Maximize Your Membership in an Association or Networking Group

Develop relationships and increase your activity in the organization.

You probably pay dues to at least one organization, whether a professional membership group (e.g., New York State Bar Association), industry association (e.g., 100 Women in Finance) or networking group (e.g., Business Networking International).

Certainly, you hope to get clients and referrals from your participation in the group, and you may have landed a few of each.

Consider that it’s not always the direct financial payoff that is the benefit of being a paid member.

There are other intangibles that make your membership dues worthwhile. Keep these in mind when you renew your membership.

Three steps to increase your participation in the group.

1. Build your network: Make a point of connecting with other members. The membership directory may be online, so it’s easy to locate members who:

  • are in a business that overlaps or competes with yours
  • serve the same clients, but in a different capacity
  • have an office near yours or in a city where you travel
  • are alumnae/alumni of the same college or postgraduate school

(See Find Golden Contacts in Your Association’s Directory)

2. Hold one-on-one conversations: Getting to know individual members yields tremendous benefits. Not only do you learn more about each other’s business activities, you also establish a warmer footing for that next conversation or referral.

More selfishly, you gain practice in explaining what you do and what makes you different from others in your sector. You sharpen your own listening skills and develop more probing questions to become better acquainted with someone outside your usual arena.

3. Request an informal consultation: Have you ever needed a quick brainstorming session? Would you like another pair of eyes to review a short document? The larger your circle of contacts among the members, the more easily you can land the assistance you need. Reciprocate and show you are available for a similar request.

How have my memberships worked out?

Here’s the payoff from belonging to Women Owned Law, an association for women attorneys and women-owned businesses serving the legal sector; I joined in 2020:

  • I established relationships with attorneys who were sources when I wrote columns on Best Practices for the Solo Practice for The New Jersey Law Journal and The New York Law Journal. Their quotes, names, law firms and practice areas were prominently mentioned in my articles, with little effort on their part. This created considerable goodwill, and, in at least one case, greatly enhanced the visibility of a lawyer’s recently established practice to other attorneys. A win-win for both sides.
  • A member asked me to join a panel for a state bar association’s webinar.
  • I requested an informal consultation on a personal matter from another member. I have a Ph.D. in Spanish literature and speak, read and write with native fluency. Yet, before I submitted a brief personal narrative in Spanish for publication in a scholarly book, I asked Carmen Hiers, Managing Partner of Transforma Translation Services and a native Spanish speaker, to check what I had written.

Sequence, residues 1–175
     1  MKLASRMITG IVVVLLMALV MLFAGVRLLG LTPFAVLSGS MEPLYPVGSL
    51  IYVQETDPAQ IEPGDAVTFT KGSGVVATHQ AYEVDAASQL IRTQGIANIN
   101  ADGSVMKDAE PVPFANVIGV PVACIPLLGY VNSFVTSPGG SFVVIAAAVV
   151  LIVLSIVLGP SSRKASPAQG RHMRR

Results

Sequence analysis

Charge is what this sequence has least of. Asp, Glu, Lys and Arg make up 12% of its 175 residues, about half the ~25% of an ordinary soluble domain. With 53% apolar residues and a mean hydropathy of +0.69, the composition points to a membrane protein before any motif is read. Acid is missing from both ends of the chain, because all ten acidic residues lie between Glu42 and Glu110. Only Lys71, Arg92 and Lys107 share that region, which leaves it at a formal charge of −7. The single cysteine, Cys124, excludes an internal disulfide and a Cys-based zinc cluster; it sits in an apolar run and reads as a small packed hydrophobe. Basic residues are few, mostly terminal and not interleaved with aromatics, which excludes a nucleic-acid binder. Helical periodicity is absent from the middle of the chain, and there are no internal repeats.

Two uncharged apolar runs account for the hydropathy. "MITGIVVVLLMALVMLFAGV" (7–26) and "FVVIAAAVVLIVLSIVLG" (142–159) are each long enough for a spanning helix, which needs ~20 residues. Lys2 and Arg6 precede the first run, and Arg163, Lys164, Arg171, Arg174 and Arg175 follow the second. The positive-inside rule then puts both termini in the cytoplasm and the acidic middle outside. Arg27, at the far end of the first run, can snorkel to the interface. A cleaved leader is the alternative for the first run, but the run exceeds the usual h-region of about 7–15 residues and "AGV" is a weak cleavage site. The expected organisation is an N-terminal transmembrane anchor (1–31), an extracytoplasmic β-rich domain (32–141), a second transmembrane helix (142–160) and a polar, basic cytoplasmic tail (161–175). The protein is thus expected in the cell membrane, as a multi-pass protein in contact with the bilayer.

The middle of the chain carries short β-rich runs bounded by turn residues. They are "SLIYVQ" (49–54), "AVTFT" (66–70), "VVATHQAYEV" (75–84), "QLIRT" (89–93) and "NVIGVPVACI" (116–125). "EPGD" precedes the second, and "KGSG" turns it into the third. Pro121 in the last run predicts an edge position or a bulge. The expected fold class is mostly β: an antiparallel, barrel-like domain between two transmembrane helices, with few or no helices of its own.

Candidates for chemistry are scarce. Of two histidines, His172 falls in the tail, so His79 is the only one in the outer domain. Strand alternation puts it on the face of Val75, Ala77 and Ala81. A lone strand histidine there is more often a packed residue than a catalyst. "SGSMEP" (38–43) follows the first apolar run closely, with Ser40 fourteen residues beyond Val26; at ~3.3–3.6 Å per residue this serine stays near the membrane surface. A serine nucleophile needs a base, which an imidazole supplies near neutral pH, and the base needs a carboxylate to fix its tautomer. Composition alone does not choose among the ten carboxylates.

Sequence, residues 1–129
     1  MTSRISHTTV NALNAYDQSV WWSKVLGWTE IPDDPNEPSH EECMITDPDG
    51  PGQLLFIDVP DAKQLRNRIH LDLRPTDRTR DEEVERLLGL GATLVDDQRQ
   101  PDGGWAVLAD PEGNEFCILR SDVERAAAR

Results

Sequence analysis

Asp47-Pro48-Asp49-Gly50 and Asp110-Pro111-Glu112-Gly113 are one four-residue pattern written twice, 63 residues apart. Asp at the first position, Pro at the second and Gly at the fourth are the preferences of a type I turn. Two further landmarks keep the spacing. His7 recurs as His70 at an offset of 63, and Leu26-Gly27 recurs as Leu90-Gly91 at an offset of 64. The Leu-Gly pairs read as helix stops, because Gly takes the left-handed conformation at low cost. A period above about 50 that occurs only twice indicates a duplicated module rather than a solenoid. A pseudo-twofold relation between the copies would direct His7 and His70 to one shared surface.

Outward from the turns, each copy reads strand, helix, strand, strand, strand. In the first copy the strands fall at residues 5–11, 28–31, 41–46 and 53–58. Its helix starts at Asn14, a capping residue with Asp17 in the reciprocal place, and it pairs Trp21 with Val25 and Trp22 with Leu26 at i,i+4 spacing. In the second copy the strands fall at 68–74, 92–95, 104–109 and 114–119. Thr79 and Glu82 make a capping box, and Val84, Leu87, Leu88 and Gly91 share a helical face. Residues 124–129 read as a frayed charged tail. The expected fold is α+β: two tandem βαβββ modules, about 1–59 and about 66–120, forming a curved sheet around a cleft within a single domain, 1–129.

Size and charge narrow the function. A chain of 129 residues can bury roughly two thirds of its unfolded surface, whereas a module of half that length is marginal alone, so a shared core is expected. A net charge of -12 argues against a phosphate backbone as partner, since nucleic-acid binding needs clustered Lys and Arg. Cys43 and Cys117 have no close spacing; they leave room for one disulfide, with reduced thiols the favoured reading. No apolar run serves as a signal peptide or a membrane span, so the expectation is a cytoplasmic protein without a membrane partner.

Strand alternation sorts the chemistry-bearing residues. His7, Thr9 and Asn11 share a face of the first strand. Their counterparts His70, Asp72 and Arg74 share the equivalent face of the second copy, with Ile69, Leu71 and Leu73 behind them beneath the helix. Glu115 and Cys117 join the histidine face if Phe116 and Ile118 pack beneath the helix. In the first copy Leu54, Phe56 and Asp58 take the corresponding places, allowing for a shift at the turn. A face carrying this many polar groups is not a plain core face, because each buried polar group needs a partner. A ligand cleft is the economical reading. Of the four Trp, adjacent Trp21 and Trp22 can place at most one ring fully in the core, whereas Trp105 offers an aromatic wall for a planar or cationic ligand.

• I’ve presented five 60-minute webinars to the national organization over the years, plus another to a local chapter. These programs led to an invitation to speak to a state bar association.
  • I edit articles submitted to the member column in the monthly newsletter and I’ve contributed many as well. I later amplified one column as a two-part series for a legal industry newsletter.

Plus, I landed FIVE clients from informal networking and value-added conversations with these new connections.

Additionally, after serving as an active member on a committee of 100 Women in Finance for nine years, I was hired as a consultant to the organization, now entering my sixth year.

This Month’s Tip

Apply the Marketing RBI paradigm to your membership. As you may recall, two of the components are:

  • Speaking (Here’s the Pitch): Create opportunities where you can speak to the members, as a panelist or moderator, or on the association’s podcast.
  • Writing (Keeping the Box Score): Contribute to the organization’s newsletter or blog.

When you implement these activities, remember this step:

  •  Extend Your Presence Online (Cover All the Bases): Promote your involvement and the group’s activities in your posts on LinkedIn and other social media platforms.

You can see how these tactics have supported my business development. Try them yourself.


It only takes one client to cover the whole thing, namely your dues. But it’s not only about getting business. Your membership dues are an investment. It’s time they yielded a payoff in intangible returns beyond clients and referrals.  Contact me at, set an appointment here or call me at 212.677.5770.Together, let’s brainstorm how you might take advantage of networking, speaking, writing and other activities as you engage with fellow members of your professional and industry associations. 

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Thanks to Nancy Mertzzel, President of Women Owned Law, whose conversation inspired this discussion.
Image credit: New York State Bar Association.